Children should not be given "flat" fizzy drinks to help them rehydrate after vomiting or diarrhoea, researchers from Watford General Hospital have said.

Drinking flat cola and similar drinks are often used to provide youngsters suffering from acute gastroenteritis with additional fluids.

But these are an inappropriate substitute for oral rehydration solutions, which contain the right balance of salts and sugars needed, warned Consultant Paediatrician Dr Ashley Reece and Dr Michelle Jacobs, a consultant in emergency medicine.

The eight-month study, conducted by Dr Reece and Dr Jacobs, who both work in the children's emergency department at Watford General, in Vicarage Road, aimed to solve the question "Does drinking flat cola prevent dehydration in children with acute gastroenteritis?"

Dr Reece said: "As frontline clinicians, we see a lot of children with gastroenteritis, and an old wives' tale that people pick up on and use is when a child is having diarrhoea and vomiting, parents sometimes decide that giving them flat or fizzy drink is a good way to prevent dehydration when they're losing a lot of fluid."

The authors concluded there was little information available from previous clinical studies on the effectiveness of using carbonated drinks compared with oral rehydration solutions, but found there were many scientific studies that demonstrated how inappropriate they were.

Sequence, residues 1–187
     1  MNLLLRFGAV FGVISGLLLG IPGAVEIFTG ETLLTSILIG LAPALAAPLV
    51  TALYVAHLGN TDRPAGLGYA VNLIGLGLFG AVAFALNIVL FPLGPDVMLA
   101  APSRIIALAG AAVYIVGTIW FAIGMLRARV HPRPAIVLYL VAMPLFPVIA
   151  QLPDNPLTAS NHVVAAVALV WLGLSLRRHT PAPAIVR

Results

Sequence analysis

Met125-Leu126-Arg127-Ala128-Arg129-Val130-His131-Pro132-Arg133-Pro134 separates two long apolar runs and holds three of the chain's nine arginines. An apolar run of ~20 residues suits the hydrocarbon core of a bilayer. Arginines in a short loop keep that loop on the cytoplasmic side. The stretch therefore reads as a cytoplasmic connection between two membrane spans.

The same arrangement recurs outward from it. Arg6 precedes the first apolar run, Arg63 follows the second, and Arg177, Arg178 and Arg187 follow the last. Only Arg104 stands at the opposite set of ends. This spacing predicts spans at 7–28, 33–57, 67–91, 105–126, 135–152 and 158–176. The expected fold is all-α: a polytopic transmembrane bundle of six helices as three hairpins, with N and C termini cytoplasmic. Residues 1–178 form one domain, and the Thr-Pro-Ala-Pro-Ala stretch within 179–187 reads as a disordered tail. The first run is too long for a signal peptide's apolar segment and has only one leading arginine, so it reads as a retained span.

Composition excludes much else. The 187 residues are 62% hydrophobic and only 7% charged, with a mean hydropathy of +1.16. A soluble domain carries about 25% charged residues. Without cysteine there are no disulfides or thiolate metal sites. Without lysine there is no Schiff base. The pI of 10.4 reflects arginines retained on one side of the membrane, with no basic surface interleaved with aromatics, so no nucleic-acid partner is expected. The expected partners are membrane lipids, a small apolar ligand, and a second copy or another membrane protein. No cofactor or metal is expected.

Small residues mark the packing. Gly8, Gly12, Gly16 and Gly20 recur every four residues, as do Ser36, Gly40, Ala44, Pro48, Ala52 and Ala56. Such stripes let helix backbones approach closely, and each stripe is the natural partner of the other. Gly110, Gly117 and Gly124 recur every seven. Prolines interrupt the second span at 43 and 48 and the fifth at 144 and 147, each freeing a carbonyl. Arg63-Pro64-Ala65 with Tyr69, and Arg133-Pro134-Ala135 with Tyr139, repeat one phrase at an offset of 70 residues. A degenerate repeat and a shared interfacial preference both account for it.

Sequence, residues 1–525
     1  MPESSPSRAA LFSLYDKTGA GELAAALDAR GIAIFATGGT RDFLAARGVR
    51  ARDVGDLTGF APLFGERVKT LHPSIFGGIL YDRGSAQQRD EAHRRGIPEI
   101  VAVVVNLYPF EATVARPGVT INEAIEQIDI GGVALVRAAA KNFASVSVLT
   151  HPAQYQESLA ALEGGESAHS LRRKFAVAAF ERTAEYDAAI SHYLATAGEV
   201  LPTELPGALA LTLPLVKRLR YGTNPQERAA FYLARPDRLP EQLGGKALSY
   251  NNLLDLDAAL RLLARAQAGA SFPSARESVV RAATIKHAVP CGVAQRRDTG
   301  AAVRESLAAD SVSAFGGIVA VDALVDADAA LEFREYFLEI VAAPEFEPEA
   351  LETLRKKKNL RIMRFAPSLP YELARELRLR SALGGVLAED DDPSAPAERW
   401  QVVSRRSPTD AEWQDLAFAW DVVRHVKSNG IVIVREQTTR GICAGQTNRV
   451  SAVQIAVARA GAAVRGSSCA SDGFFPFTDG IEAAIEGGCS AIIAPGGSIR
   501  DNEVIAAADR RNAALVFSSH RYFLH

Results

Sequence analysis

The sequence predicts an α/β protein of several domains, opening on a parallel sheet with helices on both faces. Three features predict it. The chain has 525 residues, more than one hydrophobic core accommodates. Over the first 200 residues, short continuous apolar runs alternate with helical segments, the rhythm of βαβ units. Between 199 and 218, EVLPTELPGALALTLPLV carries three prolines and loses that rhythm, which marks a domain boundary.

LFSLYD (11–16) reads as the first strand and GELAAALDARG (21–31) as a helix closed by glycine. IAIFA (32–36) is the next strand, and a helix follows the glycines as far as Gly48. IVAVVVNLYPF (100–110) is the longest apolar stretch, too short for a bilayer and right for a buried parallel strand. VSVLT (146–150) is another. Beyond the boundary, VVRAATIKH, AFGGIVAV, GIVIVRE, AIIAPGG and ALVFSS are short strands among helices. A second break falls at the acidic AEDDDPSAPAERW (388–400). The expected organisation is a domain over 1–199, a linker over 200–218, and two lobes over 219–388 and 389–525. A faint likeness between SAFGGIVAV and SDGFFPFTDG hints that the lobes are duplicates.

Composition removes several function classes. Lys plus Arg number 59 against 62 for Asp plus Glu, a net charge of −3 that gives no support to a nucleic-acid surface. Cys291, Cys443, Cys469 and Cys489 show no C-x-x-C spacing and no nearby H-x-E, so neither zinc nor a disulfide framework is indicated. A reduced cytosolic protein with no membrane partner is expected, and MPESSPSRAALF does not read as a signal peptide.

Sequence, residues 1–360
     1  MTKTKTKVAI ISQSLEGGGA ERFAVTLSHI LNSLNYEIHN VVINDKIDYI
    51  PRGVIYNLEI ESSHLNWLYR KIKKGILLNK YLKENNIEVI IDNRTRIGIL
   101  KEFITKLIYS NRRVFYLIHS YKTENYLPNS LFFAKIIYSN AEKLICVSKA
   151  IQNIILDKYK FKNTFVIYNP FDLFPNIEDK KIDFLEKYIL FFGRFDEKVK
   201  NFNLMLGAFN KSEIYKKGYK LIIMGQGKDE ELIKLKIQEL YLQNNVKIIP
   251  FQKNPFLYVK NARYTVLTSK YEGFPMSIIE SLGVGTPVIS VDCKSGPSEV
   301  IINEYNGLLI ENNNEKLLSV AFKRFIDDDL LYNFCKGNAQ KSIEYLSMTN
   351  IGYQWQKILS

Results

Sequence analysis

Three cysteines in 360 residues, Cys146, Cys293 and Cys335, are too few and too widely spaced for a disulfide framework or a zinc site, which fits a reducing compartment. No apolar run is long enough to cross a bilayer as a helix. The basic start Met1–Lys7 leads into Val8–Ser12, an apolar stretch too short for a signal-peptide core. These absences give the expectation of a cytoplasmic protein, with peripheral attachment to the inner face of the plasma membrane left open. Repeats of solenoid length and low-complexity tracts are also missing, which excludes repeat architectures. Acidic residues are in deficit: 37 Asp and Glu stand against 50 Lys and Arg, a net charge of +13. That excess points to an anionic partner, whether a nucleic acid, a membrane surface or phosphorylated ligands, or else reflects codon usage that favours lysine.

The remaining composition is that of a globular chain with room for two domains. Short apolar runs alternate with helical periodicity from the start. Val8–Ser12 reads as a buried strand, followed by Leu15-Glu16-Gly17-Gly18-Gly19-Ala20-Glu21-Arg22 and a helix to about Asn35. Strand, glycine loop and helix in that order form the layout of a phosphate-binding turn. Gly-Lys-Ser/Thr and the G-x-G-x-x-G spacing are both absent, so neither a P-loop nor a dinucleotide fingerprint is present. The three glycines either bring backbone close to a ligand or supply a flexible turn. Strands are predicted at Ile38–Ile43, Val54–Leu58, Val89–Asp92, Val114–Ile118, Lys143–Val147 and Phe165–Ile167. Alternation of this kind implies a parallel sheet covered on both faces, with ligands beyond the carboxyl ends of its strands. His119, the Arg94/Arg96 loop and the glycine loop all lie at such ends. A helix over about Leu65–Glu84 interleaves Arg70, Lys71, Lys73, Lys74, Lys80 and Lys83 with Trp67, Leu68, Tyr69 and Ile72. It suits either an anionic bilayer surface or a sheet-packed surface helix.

Oral rehydration solutions, which are available from chemists and by prescription from doctors, contain a balance of salts and sugars to replace those lost during illness, while carbonated drinks are low in sodium and high in glucose.

Dr Reece said: "The bottom line is there's little information about the effect of using carbonated drinks compared to oral rehydration solutions, but lots to suggest it's inappropriate to use.

"Fizzy drinks are higher in sugar and more appealing to taste, but don't contain enough minerals. There is a danger it could dilute and deplete existing levels and cause other complications and make them more poorly."

Dr Reece added that their findings met with their expectations. He said: "If a child has gastroenteritis, then it's inappropriate to give them these drinks."

The advice is published in the May issue of Archives of Disease in Childhood.